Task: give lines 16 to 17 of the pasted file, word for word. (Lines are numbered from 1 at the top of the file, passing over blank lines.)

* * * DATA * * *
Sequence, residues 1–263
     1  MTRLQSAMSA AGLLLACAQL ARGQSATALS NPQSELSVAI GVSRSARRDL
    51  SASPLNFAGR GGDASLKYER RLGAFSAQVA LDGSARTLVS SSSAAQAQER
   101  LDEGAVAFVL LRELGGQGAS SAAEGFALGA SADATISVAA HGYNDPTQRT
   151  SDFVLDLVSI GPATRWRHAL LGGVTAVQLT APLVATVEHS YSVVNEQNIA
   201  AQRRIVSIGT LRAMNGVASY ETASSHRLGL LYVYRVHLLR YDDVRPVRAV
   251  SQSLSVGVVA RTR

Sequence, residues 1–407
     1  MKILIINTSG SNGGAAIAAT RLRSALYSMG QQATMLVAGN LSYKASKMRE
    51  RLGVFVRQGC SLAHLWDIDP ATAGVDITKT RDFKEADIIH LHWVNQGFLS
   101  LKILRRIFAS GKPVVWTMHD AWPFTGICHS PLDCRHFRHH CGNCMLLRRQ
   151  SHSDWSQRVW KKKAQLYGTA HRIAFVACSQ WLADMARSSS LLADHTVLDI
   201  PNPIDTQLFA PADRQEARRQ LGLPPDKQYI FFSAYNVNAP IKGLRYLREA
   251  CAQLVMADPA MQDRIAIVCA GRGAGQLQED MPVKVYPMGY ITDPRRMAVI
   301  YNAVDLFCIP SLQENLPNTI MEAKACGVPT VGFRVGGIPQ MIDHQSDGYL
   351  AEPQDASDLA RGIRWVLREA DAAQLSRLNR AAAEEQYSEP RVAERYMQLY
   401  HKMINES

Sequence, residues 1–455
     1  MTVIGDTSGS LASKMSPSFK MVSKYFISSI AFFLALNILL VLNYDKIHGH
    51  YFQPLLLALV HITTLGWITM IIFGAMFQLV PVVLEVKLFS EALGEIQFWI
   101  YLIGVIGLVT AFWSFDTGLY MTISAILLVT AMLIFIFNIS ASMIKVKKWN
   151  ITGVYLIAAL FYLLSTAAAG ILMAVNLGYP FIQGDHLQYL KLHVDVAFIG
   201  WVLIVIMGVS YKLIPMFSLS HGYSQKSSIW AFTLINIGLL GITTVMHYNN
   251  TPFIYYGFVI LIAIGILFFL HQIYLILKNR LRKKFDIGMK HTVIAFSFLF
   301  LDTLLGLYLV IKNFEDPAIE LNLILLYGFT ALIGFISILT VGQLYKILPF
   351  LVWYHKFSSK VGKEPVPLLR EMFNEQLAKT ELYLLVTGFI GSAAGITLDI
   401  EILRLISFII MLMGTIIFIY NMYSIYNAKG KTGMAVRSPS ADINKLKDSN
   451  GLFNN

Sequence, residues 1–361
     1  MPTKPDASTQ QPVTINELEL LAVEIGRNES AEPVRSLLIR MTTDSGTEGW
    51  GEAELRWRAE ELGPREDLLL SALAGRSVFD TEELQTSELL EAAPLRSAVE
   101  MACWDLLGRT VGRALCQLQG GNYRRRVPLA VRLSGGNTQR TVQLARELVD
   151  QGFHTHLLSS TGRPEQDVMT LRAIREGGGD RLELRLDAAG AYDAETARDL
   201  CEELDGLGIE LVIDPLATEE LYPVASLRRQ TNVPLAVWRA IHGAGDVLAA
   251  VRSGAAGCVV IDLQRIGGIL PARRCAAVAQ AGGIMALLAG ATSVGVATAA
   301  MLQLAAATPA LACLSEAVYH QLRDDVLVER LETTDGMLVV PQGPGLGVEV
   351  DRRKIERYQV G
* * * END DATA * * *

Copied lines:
   351  AEPQDASDLA RGIRWVLREA DAAQLSRLNR AAAEEQYSEP RVAERYMQLY
   401  HKMINES